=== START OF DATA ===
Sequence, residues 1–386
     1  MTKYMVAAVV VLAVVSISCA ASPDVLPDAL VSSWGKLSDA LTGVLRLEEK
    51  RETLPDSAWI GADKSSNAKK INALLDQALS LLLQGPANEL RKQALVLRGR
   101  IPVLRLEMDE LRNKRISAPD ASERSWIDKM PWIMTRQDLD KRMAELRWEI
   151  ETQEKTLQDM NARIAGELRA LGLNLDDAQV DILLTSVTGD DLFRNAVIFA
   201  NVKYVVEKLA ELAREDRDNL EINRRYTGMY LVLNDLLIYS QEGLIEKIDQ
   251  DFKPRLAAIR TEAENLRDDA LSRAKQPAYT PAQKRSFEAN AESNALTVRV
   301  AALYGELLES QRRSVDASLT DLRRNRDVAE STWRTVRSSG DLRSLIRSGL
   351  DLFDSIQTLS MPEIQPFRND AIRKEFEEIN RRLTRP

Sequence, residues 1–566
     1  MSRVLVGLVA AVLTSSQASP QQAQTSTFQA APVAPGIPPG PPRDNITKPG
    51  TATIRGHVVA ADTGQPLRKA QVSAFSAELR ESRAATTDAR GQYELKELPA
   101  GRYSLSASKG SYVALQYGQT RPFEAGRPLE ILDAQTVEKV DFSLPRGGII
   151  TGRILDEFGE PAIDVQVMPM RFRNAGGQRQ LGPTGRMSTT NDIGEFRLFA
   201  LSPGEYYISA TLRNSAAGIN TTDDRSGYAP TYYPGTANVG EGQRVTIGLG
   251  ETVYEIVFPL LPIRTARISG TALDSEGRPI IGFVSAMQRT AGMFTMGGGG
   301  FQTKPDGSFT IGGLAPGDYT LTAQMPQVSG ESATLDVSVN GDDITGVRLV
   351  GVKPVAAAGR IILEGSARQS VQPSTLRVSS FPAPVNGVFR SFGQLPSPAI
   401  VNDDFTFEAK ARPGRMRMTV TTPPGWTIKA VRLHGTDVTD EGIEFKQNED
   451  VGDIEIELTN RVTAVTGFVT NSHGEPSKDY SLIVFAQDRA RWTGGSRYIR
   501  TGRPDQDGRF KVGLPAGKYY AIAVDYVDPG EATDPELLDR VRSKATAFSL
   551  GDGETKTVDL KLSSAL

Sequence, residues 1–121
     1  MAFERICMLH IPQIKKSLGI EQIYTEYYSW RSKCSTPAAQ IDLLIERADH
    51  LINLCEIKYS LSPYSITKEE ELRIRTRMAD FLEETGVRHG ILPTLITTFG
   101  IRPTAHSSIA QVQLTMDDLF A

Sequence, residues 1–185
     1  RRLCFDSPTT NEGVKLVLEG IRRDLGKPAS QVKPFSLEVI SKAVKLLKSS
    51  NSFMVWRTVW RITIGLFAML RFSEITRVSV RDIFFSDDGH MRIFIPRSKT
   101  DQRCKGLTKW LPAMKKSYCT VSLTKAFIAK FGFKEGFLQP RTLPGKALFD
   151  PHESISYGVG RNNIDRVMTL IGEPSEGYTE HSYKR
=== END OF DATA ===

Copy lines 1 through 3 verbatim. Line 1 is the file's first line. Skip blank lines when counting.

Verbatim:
Sequence, residues 1–386
     1  MTKYMVAAVV VLAVVSISCA ASPDVLPDAL VSSWGKLSDA LTGVLRLEEK
    51  RETLPDSAWI GADKSSNAKK INALLDQALS LLLQGPANEL RKQALVLRGR